Social accountability, an imperative

Dr. Antonio G.M. La Vina, Dean of the Ateneo School of Government and BOT member of ANSA-EAP pens a column for the Manila Standard Today, reproduced in ANSA-EAP's blog VOICES, entitled Social Accountability, an imperative.  

What has been called the “Third Wave of Democracy” by Samuel Huntington describes the growth, around the end of the Cold War and the following years, in the number of countries which have granted their citizens the right to vote at large for their government, and guaranteed their civil liberties and human rights such as the right to free speech. It remains an admittedly incomplete picture, though, because civil liberties and periodic elections are two out of three ingredients for a sustainable, stable democratic state. Voting and human rights are not merely ends in themselves, but the tools by which citizens can ensure their prosperity, welfare, and stability. In the political environment, this is achieved through the policy process—in short, through governance.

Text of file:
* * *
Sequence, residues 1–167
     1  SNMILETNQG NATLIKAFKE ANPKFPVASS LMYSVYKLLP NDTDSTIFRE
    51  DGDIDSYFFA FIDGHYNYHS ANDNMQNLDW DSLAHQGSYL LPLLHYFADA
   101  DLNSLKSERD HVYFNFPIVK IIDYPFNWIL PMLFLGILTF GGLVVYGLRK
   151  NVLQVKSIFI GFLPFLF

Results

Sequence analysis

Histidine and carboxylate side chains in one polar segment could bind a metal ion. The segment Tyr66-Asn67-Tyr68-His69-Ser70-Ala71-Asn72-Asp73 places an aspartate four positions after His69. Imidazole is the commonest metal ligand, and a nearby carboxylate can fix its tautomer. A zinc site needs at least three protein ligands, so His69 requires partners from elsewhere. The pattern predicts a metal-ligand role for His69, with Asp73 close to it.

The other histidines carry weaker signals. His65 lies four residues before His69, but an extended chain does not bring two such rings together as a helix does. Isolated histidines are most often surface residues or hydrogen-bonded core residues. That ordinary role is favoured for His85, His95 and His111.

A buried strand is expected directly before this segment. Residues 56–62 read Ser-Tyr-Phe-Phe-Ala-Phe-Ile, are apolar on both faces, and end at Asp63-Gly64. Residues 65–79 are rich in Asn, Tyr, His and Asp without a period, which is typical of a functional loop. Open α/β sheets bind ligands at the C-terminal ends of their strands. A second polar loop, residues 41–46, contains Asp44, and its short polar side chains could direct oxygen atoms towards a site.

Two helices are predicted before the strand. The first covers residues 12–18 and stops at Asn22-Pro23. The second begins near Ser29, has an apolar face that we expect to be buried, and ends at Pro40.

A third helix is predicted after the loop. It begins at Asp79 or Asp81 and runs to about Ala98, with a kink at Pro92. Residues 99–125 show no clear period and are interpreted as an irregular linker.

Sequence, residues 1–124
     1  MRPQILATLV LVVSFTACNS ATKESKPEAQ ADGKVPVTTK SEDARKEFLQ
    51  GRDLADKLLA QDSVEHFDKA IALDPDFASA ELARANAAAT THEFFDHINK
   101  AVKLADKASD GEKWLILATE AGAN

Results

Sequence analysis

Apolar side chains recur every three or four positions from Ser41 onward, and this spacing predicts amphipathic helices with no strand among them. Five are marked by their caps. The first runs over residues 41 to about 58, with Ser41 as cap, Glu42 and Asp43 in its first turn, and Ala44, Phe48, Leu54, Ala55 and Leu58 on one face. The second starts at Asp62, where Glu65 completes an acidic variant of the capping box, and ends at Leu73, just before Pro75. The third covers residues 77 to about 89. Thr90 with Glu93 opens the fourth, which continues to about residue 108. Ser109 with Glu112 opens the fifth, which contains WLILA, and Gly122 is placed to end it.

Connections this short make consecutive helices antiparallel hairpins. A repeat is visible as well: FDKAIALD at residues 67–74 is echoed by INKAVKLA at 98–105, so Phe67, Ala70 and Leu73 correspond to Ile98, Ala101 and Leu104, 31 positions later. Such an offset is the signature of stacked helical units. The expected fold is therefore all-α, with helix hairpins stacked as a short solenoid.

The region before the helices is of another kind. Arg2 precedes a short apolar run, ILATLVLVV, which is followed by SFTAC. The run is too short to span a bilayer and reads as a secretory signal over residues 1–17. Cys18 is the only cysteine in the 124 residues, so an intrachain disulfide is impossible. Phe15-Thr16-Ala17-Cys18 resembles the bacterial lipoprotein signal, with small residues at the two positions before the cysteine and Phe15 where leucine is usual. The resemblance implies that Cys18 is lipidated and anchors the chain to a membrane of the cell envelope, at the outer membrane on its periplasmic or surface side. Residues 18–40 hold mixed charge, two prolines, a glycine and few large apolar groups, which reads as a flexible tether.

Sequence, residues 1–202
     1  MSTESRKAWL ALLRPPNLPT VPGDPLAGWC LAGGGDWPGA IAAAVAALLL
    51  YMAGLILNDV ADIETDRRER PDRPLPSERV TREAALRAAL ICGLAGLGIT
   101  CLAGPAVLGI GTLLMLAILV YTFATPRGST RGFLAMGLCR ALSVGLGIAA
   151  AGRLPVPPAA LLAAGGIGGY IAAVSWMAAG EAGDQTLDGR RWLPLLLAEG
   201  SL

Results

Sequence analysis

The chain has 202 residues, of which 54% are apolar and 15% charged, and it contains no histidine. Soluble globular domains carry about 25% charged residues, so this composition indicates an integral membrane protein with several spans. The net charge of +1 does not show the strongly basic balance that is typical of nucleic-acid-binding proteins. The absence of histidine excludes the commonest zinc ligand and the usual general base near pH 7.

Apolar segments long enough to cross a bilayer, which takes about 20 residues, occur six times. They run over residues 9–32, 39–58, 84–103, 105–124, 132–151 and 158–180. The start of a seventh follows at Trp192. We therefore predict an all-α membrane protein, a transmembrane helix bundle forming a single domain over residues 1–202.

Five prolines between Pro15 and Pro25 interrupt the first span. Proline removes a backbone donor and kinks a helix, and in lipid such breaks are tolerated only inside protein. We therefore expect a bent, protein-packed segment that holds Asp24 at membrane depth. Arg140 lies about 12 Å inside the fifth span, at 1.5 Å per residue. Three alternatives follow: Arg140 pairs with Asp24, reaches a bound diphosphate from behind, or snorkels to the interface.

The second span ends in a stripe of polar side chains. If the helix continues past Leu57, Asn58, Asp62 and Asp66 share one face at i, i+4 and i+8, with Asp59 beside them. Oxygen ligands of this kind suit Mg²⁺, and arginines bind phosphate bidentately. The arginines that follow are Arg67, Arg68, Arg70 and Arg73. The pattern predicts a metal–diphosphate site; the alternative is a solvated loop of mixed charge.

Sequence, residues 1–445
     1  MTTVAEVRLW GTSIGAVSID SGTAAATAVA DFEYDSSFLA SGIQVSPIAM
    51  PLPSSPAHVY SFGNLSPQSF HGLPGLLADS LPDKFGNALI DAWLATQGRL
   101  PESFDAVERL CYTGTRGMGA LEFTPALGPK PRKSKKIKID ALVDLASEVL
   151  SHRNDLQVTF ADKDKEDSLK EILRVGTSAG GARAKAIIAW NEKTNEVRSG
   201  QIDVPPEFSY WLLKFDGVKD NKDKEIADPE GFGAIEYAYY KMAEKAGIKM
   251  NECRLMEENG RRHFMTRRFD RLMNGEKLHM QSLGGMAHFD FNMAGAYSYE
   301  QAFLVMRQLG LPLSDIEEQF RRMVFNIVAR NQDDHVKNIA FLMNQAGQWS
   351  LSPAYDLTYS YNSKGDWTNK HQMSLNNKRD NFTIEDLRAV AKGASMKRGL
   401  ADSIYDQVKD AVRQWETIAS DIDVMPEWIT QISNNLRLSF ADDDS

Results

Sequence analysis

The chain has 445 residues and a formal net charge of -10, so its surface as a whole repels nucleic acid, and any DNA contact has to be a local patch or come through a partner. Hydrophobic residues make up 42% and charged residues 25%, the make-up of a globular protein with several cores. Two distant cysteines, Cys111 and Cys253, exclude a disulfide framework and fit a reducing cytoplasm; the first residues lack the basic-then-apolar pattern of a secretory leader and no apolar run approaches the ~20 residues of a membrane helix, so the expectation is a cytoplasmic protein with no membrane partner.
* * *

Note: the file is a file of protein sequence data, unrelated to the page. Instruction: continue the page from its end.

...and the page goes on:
This is where the ball is often sadly dropped. As the Philippine experience will attest, it is very difficult to translate electoral gains into policy gains: ensuring that the public servants elected into office execute the mandates for which they were elected. As well, Filipinos certainly enjoy many liberties—one of the most free presses in the region, if not the world; a political culture built on the foundations of the EDSA People Power revolutions; an expectation of democracy, even in spite of the occasional cynicism about Philippine politics. Yet for these advantages, we still face the challenges of bridging the gap between the rich and poor; effectively delivering basic services such as education, health and welfare; protecting the environment and marginalized peoples; and ensuring fairness and justice in the distribution of public wealth. Corruption still plagues governance, as recent headlines show.

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